Pubdate: Thu, 29 Dec 2016
Source: London Free Press (CN ON)
Copyright: 2016 The London Free Press
Author: Randy Richmond
Page: A1


Heavy with needle users, London could move a step closer in February to a
supervised injection site for drug-addicted residents amid renewed debate
about the idea.

The results of a feasibility study that surveyed 200 current and former
needle users, as well as police, politicians, and social service and
health agency representatives, is to be released in early February,
Christopher Mackie, the Middlesex-London medical officer of health, said

That study won't suggest a location or timeline to establish a site, but
one area Conservative MP already is raising the alarm about the

Elgin-Middlesex-London MP Karen Vecchio served notice recently she's
worried about the Liberal government's new drug strategy, which will make
it easier for municipalities to open injection sites.

"Instead of making it easier for drug addicts to consume drugs, the
Liberal government should support treatment and recovery programs to get
addicts off drugs, and enact heavy mandatory minimum sentences to crack
down on drug traffickers," Vecchio said in a statement this month.

Vecchio, the Opposition critic on Parliament Hill for families, children
and social development, couldn't be reached for further comment this week.

"Dangerous and addictive drugs tear families apart, promote criminal
behaviour and destroy lives," Vecchio said in her statement. Mackie said
he has no argument with that, but added there's evidence injection sites
reduce crime and ease the harm done to addicts.

"Supervised injection sites don't make it easier to get drugs. They make
it easier to take drugs safely," he said.

It's naive to think it's not already easy to find illegal drugs in London,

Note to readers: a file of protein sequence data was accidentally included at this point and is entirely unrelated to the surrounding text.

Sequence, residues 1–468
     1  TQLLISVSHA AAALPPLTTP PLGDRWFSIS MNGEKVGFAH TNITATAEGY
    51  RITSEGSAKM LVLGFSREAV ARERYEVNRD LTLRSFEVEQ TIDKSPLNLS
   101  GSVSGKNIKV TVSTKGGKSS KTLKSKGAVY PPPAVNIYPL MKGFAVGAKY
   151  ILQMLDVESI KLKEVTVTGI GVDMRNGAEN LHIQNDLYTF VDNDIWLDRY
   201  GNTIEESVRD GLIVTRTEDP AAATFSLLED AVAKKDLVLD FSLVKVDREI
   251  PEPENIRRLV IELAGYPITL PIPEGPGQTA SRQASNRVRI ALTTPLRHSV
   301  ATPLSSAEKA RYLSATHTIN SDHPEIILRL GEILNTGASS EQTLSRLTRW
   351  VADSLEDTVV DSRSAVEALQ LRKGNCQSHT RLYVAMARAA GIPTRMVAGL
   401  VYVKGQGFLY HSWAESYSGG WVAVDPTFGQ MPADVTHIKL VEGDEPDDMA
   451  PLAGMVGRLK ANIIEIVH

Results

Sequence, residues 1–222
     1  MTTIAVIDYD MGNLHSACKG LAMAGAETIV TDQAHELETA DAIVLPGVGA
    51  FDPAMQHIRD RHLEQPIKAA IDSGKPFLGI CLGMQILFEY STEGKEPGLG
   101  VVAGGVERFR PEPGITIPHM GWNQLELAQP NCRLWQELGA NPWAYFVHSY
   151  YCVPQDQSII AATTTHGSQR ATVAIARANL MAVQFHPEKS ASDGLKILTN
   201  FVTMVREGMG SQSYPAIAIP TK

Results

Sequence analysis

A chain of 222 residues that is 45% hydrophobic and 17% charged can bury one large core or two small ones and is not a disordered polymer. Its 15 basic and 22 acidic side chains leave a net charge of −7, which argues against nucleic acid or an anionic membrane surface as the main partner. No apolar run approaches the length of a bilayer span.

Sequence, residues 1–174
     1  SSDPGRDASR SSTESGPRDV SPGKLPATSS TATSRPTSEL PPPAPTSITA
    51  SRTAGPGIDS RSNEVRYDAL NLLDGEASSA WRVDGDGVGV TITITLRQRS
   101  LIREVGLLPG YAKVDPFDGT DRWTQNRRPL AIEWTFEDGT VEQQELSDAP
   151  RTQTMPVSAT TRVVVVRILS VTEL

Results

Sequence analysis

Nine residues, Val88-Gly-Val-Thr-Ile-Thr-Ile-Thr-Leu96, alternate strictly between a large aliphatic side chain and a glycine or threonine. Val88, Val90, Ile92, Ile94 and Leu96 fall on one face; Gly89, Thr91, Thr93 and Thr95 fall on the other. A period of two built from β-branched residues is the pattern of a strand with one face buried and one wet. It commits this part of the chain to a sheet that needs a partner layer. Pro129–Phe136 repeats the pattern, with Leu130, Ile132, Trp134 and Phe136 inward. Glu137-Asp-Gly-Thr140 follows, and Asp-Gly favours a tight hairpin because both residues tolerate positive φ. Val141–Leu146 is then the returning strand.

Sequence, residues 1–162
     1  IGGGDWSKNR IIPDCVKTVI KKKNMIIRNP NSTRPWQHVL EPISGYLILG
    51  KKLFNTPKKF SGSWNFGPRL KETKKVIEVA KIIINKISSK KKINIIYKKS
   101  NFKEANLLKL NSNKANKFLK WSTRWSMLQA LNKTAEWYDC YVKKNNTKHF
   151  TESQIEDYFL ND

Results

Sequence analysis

Mackie added: "It is easier for high school students to get marijuana than

A community is safer when drug users inject in a supervised site, not a
public place, receive medical help and can dispose of needles in bins
rather than on the sides of streets or in parks, he said.

London was chosen for one of two injection site feasibility studies - the
other is in Thunder Bay - by the Ontario HIV Treatment Network, in part
because of this city's high rate of needle use.

The study will assess willingness of people to use a safe injection site
and to get feedback from the community.

In London, about 6,000 people use the Regional HIV/AIDS Connection's
needle exchange, with the 2.5 million needles handed out in 2014 making it
the second-largest program of its kind in Canada behind Vancouver.

Local HIV and hepatitis C rates are rising as provincial rates drop,
health officials say.

London struggles with opioid and crystal meth addictions, while across
Canada, the growing opioid crisis and accompanying overdose deaths have
fuelled the call for more supervised injection sites.

The former Conservative government in Ottawa introduced the Respect For
Communities Act in 2015, which required 26 criteria to be met before a
safe injection site could be considered. Only two sites have been approved
in Canada, both in Vancouver, and critics say the criteria were too

In December, the new Liberal government introduced Bill C-37 to amend the
Controlled Drugs and Substances Act, and replace 26 criteria with five to
allow the opening of more safe injection sites.
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